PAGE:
This year, Adrienne has challenged us to read books that movie's have been made from and then watch the movie. I was really surprised to find how many I already had on my to-be-read shelf that fit this criteria. For April, I read The Girl With the Dragon Tattoo by Stieg Larsson. It had been lingering on my shelf for quite awhile, and I completely enjoyed this book. What a page-turner! Full of intrigue, mystery, some really graphic horribleness, and an age old murder to be solved.
Mikael Blomkvist, a once-respected financial journalist, watches his professional life rapidly crumble around him. Prospects appear bleak until an unexpected (and unsettling) offer to resurrect his name is extended by an old-school titan of Swedish industry. The catch—and there's always a catch—is that Blomkvist must first spend a year researching a mysterious disappearance that has remained unsolved for nearly four decades. With few other options, he accepts and enlists the help of investigator Lisbeth Salander, a misunderstood genius with a cache of authority issues. Little is as it seems in Larsson's novel, but there is at least one constant: you really don't want to mess with the girl with the dragon tattoo.
I'm also participating this year in a reading challenge called What's In a Name? I've done this one a couple of times in past years and it's always fun to go through my shelves and pick books that meet the criteria for each category. Category 4 this year is a book with Fire (or equivalent) in the title, so I chose Burning Bright by Tracy Chevalier.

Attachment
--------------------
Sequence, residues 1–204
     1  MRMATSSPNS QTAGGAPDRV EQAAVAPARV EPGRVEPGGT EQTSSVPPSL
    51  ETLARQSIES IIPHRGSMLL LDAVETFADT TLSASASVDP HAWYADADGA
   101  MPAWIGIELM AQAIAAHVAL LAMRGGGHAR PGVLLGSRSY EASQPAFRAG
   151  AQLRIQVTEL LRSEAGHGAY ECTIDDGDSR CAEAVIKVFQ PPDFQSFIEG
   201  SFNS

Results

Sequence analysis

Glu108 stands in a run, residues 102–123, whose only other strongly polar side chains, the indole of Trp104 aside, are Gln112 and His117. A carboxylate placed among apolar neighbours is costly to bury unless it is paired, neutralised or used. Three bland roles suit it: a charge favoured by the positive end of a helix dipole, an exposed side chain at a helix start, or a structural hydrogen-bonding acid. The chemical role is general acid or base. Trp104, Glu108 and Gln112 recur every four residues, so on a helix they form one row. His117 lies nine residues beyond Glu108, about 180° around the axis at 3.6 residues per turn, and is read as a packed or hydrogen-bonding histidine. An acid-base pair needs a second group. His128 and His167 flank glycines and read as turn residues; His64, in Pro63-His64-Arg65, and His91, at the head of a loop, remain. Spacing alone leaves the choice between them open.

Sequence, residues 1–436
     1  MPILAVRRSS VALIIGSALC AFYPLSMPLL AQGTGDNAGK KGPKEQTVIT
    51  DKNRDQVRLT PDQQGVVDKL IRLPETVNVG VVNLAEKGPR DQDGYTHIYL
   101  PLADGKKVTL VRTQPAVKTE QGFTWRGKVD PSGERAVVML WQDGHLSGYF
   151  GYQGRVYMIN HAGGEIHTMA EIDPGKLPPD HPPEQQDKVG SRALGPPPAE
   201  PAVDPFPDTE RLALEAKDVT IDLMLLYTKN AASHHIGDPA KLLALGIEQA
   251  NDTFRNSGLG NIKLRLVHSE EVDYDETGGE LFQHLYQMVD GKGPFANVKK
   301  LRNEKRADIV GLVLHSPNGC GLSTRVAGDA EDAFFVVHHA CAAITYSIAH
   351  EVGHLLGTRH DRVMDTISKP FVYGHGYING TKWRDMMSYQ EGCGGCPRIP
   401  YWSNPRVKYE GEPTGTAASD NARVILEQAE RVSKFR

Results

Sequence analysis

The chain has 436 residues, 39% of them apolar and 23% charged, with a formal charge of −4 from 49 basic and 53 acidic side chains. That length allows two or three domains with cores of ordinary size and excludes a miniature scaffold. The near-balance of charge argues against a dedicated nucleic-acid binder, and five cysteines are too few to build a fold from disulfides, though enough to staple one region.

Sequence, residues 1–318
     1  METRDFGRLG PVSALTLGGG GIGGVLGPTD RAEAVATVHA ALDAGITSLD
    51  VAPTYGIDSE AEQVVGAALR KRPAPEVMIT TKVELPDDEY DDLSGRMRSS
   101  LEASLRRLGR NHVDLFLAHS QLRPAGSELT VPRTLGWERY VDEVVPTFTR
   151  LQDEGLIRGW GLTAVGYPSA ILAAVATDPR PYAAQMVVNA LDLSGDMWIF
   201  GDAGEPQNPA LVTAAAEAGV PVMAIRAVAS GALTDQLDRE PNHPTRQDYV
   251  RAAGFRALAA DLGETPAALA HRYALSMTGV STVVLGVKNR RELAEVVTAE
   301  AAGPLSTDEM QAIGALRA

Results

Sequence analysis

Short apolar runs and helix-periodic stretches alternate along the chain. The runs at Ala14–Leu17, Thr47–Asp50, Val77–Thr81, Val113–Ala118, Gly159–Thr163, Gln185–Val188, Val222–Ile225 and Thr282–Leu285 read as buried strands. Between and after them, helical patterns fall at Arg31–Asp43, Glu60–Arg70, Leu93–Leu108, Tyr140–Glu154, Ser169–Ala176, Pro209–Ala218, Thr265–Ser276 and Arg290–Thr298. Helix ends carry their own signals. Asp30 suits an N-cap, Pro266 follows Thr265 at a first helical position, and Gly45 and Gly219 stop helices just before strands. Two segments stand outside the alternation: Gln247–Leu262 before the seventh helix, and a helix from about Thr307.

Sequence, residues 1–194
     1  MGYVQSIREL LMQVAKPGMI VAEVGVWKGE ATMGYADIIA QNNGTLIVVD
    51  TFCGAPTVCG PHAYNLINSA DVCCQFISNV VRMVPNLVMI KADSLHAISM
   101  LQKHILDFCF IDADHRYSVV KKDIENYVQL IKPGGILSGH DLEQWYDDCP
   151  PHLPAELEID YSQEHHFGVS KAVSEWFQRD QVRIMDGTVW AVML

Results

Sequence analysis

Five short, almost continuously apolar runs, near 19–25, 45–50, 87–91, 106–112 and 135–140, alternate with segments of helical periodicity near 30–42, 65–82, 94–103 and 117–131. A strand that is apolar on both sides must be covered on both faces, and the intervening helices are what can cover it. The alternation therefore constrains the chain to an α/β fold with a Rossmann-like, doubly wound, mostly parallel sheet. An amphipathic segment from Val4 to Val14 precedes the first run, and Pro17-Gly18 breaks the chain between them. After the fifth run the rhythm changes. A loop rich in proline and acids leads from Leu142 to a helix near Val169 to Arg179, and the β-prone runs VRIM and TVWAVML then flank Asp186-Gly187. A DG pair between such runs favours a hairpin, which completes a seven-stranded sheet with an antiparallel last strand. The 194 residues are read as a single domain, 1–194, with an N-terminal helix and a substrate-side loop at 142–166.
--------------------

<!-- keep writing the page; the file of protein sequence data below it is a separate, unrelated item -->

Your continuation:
I love Tracy Chevalier. I can't even imagine the time and effort it takes to research the area's and people of history that she writes about. Historical fiction is my favorite genre and Chevaliers books always take us right inside another time and place, feeling the emotions, hearing the sounds and smelling the air.
Burning Bright is set in the early 1790's of London, where Thomas Kellaway has recently moved his family to try to outrun the memories of the recent loss of one of their sons. This family is from the Piddle Valley- Thomas and son Jem are chair makers while his wife Anne and daughter Maisie are very skilled Dorset button makers. Enter real-life character Philip Astley of Astley's Circus, who helps set the Kellaways up with a room as well as customers, eventually hiring Thomas and Jem as carpenters for the circus. Jem meets Maggie, a neighbor girl, and the two quickly become fast friends while also befriending the printer and his wife who live next door. This eccentric printer is thought to have loyalty for the French during this time of the French Revolution. He turns out to be none other than the now famous poet and engraver, William Blake. While Mr. Blake and Mr. Astley are the true to life characters of the book, the story is really a coming of age story centered around the fictional characters of Jem, Maggie and Maisie with the sights and sounds of 1700's Lambeth Place as the backdrop. Interspersed with Blake's poetry, this is a fantastic read!
When the painted birds laugh in the air
Where our table with cherries and nuts is spread,
Come live & be merry and join with me,
To sing the sweet chorus of 'Ha, Ha, He.'
~Laughing Song, William Blake